When moving “home” is the harder thing

“One day, we will do the harder thing and move home.”

I said that for six years. The ironic thing is that “home” could be eight or nine different places for us. But when I said this, I meant moving to the United States.

Confession: Life as a privileged minority in a booming economy is easy. You can do what you want with minimal judgement or hardships. Sure, life outside your “passport country” can be extra stressful, exhausting, and very lonely. But mostly, it’s good.

Going home is hard. Pride roars up that you’ve failed. Insecurities whisper too loud that you’ll never fit back in (not that I want to fit back in). We look normal and the same as before. But we aren’t. We’ve had a simple family rhythm living in that other country. My little family has exchanged pieces of our hearts for shared memories in at least 10 countries.

I’m told re-entry is hard because no one cares. No one wants to hear your 1st hand war stories. Or how great it is to see Petra, Jordan with little boys. Or how you miss the traditional clothing and the smells.

There is no glamour in finishing your time in a place, and moving when God says it’s time. Maybe that’s the way it’s supposed to be: Making the quiet choices.

I’m reading a book right now that GETS IT:

Notes from the Blue Bike by Tsh Oxenreider.

As we start over, in our home country but a new town, we are constantly faced with the question of how to live the life we prefer here. What’s the goal? How should we prioritize so many good choices?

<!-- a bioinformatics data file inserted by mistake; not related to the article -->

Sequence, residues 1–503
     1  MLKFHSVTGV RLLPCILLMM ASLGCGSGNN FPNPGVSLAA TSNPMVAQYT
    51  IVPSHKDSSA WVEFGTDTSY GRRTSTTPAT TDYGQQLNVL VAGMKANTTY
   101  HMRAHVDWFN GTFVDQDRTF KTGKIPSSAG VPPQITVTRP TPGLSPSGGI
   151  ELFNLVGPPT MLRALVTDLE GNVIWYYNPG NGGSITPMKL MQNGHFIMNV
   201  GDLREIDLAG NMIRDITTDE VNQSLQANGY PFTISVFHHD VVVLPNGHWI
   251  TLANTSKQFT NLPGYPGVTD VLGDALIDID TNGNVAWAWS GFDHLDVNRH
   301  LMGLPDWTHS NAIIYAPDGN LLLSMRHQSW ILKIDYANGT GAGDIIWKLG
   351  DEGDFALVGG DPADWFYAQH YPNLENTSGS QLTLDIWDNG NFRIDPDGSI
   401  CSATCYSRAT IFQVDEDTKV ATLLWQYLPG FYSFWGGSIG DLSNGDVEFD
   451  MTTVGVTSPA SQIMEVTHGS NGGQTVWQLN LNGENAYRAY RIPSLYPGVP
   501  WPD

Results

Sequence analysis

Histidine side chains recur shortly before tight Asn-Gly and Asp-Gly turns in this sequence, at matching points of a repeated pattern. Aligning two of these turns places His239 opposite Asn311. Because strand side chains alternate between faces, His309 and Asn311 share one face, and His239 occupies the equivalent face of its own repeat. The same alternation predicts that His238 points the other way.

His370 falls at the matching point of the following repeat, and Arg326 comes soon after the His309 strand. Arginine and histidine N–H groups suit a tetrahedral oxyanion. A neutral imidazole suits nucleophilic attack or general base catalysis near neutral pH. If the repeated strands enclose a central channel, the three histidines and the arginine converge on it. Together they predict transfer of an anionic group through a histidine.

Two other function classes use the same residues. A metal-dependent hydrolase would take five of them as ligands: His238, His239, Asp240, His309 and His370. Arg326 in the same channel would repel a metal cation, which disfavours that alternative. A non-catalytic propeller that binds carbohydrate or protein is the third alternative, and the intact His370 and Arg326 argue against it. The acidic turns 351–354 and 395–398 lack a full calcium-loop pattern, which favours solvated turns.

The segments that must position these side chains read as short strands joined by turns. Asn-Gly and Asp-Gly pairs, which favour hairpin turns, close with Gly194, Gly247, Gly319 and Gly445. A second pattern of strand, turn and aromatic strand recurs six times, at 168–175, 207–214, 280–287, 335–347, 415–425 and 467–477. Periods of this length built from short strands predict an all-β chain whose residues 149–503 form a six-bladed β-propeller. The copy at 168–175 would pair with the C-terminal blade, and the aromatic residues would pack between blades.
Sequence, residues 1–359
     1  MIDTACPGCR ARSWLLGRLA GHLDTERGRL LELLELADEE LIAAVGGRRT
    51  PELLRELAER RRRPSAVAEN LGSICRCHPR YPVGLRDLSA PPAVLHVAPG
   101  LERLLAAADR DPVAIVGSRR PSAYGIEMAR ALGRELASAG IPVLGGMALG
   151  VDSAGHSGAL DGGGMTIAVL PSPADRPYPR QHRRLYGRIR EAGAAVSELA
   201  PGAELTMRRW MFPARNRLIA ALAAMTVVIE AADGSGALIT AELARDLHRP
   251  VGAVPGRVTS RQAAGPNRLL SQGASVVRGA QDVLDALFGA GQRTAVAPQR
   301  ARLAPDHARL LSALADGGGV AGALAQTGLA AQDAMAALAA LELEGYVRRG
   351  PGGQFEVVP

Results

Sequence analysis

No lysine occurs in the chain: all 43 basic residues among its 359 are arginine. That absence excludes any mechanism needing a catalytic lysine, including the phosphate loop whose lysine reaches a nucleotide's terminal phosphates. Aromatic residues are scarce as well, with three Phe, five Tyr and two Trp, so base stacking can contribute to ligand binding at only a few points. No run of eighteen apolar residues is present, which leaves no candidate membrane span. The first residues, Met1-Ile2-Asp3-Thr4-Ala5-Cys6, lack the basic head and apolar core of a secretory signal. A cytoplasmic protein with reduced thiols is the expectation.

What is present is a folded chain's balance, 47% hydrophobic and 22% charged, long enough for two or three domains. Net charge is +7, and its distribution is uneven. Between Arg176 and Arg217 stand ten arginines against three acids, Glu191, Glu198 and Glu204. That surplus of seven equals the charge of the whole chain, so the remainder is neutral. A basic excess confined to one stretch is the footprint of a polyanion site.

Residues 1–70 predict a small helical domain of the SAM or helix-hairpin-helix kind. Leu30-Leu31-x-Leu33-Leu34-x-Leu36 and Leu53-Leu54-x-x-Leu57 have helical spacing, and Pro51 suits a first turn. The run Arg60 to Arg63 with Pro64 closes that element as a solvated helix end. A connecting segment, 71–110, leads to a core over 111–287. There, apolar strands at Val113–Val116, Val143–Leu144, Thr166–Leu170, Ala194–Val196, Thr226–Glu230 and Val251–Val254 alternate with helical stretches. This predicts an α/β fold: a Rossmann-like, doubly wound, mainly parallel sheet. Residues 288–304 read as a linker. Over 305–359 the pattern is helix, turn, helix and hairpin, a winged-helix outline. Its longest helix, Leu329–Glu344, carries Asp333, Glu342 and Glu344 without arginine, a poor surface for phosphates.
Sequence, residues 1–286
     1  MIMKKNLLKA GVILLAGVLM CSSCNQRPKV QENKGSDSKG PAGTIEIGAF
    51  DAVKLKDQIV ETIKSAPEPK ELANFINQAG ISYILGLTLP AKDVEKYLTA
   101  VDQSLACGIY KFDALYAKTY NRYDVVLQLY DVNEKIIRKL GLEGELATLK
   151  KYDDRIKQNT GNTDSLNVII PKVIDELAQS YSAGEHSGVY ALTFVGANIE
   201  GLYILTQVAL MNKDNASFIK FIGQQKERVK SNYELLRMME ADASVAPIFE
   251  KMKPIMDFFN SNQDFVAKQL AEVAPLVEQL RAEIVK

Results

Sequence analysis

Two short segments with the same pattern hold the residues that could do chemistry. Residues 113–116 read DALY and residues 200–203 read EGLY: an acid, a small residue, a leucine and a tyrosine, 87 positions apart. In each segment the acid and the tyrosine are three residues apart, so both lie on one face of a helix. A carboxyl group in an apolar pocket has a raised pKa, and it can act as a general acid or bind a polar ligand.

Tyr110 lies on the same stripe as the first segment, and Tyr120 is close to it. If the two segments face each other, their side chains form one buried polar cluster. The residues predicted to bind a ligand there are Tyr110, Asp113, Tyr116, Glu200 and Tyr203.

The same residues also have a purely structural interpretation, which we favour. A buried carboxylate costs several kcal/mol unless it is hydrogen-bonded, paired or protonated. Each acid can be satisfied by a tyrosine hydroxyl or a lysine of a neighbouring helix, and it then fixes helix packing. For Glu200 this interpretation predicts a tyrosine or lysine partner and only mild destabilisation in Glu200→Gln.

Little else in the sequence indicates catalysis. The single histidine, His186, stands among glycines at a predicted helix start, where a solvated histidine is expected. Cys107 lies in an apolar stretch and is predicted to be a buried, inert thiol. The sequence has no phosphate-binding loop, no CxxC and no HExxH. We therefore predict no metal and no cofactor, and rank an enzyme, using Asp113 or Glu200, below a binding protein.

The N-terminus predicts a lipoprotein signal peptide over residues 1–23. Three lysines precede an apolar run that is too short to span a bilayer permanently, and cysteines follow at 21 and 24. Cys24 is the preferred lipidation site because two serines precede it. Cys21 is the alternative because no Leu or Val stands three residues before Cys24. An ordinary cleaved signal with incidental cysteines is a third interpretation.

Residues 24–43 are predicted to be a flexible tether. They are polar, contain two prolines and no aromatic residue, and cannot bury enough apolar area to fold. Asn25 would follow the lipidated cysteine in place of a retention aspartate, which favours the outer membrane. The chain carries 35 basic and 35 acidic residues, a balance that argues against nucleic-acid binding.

Tsh gets it: being an expat, moving back to our busy home country, loving both places, and wanting to be simply intentional about ALL the choices in front of us.

For others who are returning to their passport country after a few years away, I’ve also found this community, Velvet Ashes, to be an outstanding resource. These sacred souls even have an email series to direct you through questions to ask yourself to help ease the transition process.

 

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2 thoughts on “When moving “home” is the harder thing

  1. I would love to understan the transition issues facing you. You raise very real thoughts and emotions. Are your boys transitioning well?

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    • They change daily and usually catch me completely by surprise. This week I CAN NOT handle the amount of small talk and communication required to check out at the grocery, go to a garage sale, and generally go about society. It feels intrusive and very fake. My mind knows that it’s part of the American culture and I will get used to it. But for now, I have to seriously fight anxiety about it

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